Now all three kings are simultaneously singing their description of Jesus and what he means to them. As they do, we hear Amahl’s mother’s voice rise above their voices singing, “The child you speak of is my child, yet no one brings him incense or gold, he is the child that is hungry and cold, my son, my darling, my own…” The hope she has always held, the hope all parents hold for their child, has broken free and comes to full bloom.
As a kid laying under the Christmas tree, year in and year out, listening to this opera, I wondered about hope and what it looked like. I wondered how this mother could hold onto a hope for her child, in the face of real, objective hopelessness. And in her unreality I used to wait for temptation to spring upon her as the music in the opera moved Amahl’s mother across the floor. As it did I anticipated the crash of cymbals as she is caught red-handed trying to steal gold from the kings. “Thief, thief, thief,” the sentry cries. Chaos breaks out, as Amahl charges the guard beating him with one arm as he clings to his crutch with the other.
As a child, I identified with the impulse to protect my parents. Tears would well up in my eyes, those tears that surface when a child goes to battle. Now when I get to this point in the opera those tears return. Those tears return not in response to a fighting child, but in response to a crippled child unable to save his mom from suffering. That is the power of ritual. It stays the same as we change. Ritual is the backdrop against which our transformation plays out.
The chaos of this scene in Amahl and the Night Visitors slowly abates as the voice of one king sings, “Keep the gold. The child we seek does not need it. He will not build his kingdom with gold or on the backs of human toil. He will build his kingdom on love and this love will bring new life to all people. Keep the gold.”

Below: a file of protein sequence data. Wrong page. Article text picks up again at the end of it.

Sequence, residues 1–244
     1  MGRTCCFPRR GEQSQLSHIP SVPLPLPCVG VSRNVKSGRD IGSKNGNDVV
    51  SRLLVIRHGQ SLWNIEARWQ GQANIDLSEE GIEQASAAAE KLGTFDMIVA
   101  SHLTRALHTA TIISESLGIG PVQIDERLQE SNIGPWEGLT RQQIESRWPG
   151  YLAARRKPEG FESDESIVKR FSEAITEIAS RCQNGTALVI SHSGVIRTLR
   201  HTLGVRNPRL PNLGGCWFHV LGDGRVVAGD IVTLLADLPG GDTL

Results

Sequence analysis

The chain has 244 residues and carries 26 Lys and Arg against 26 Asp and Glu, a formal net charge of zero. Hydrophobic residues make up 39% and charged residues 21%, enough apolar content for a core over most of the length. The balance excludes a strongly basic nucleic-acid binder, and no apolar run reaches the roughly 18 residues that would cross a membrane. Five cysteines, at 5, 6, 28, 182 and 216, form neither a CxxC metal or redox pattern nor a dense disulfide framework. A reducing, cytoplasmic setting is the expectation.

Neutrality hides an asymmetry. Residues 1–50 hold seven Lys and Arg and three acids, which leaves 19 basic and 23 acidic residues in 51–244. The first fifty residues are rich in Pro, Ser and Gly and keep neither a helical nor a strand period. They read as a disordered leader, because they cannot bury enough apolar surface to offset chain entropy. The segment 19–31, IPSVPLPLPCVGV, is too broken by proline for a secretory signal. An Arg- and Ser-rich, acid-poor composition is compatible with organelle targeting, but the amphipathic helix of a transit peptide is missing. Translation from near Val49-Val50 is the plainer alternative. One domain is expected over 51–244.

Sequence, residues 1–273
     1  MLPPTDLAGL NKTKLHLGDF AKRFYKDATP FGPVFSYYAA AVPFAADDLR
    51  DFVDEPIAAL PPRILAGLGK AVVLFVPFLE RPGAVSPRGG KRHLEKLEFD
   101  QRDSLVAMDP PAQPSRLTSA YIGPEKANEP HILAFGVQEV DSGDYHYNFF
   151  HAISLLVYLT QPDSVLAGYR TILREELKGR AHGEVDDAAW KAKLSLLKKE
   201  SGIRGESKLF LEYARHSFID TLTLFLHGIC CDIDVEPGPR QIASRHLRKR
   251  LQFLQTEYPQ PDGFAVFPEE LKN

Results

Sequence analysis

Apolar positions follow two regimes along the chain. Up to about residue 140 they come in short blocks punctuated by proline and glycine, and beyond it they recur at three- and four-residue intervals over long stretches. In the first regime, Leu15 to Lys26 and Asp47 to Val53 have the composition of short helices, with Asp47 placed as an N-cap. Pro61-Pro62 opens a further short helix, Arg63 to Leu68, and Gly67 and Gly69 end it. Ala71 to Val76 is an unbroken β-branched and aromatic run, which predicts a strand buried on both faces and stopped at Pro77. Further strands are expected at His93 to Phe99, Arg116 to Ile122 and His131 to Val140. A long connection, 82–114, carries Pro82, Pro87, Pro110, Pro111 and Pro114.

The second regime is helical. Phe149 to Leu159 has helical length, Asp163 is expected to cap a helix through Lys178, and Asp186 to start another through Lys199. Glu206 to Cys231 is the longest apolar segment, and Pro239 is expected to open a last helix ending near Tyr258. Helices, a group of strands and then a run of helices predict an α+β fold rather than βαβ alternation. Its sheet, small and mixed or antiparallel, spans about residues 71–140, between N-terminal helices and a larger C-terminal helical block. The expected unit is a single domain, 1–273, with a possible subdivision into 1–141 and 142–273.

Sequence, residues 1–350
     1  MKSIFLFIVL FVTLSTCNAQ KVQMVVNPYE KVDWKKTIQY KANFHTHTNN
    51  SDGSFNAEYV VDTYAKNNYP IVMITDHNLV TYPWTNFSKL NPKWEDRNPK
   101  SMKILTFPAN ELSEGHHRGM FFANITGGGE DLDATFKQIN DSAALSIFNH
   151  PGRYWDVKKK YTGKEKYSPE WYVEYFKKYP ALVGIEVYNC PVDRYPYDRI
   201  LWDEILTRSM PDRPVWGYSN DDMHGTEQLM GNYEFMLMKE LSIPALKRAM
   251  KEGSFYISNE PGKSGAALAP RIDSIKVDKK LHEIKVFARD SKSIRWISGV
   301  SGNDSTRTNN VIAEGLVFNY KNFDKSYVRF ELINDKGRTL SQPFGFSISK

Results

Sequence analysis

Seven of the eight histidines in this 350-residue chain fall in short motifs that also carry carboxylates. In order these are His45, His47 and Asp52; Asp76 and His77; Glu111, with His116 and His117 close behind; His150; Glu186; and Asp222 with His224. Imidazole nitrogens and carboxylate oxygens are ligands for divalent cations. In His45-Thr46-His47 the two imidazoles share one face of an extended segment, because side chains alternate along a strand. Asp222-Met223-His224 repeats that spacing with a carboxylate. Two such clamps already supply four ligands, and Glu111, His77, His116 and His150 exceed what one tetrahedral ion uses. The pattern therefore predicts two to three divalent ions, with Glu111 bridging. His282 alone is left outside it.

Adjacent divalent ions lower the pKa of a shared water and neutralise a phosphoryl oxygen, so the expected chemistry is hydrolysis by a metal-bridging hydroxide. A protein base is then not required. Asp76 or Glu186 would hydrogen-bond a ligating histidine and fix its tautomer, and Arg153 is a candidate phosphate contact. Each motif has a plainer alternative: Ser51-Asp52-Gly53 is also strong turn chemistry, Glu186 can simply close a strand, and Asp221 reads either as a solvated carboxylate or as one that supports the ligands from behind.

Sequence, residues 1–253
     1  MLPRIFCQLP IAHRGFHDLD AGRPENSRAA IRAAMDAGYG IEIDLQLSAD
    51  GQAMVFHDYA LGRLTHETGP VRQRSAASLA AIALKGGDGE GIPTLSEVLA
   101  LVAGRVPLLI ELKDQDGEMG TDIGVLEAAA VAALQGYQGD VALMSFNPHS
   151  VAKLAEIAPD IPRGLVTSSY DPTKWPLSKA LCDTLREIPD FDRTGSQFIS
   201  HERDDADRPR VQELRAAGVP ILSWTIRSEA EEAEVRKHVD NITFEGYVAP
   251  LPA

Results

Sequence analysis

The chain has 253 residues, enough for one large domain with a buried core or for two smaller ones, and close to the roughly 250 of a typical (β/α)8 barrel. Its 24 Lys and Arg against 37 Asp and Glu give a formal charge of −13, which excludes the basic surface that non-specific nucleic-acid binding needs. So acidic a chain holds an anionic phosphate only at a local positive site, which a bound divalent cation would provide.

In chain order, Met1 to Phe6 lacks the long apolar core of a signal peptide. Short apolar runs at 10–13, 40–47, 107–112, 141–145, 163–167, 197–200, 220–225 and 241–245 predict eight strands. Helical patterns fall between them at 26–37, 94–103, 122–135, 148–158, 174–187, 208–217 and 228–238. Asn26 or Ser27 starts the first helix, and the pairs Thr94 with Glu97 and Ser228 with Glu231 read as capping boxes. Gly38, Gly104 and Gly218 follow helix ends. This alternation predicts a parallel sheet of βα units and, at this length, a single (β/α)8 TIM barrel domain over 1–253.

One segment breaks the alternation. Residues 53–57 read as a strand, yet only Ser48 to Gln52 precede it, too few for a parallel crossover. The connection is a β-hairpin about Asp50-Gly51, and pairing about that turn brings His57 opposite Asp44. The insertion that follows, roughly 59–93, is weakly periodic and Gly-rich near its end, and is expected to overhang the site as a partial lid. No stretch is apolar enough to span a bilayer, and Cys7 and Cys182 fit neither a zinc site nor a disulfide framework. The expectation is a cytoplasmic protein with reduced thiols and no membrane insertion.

Even as a kid I got it. There is something more valuable than gold and more powerful than kings. It is love, but it is more than love. It is a love given to us by God through grace. Love given in a way that we can understand, in a most regular way, through a person, born as a child, with enough hope for the whole world. God loves us that much.
Amahl’s mother feels this grace in an instant as the love of the infant king yet to be seen, unleashes a wave of hope bigger than the greatest hope she ever held for her child. That is what we seek in the ritual we celebrate tonight. We seek this greater hope, this deeper mystery, this foundation foothold, the really real, the truest truth that our hope is in a hope that is greater than the ebbs and flows of life. Amahl’s mother grasps this as she sings, “Take back the gold. I’ve waited all of my life for this king. I have waited all of my life for this moment to come. Take back your gold. If I weren’t so poor I would send a gift as well.” To which Amahl comes forward, crutch in hand, “He can have my cane. I made it myself. Who knows he may need it.” And with that Amahl takes his first steps. And his mother’s hope comes to life as a hope that follows her deeper hope in Jesus Christ.
My family doesn’t listen to Amahl and the Night Visitors. It is not a tradition I have maintained and that makes me a little sad. But rituals change. They come to life for a time to bring constancy against which we can be changed. That is the power of ritual. It stays the same so we can become more and more the person God created us to be. The rituals change as relationships ebb and flow, save one, the one we celebrate tonight.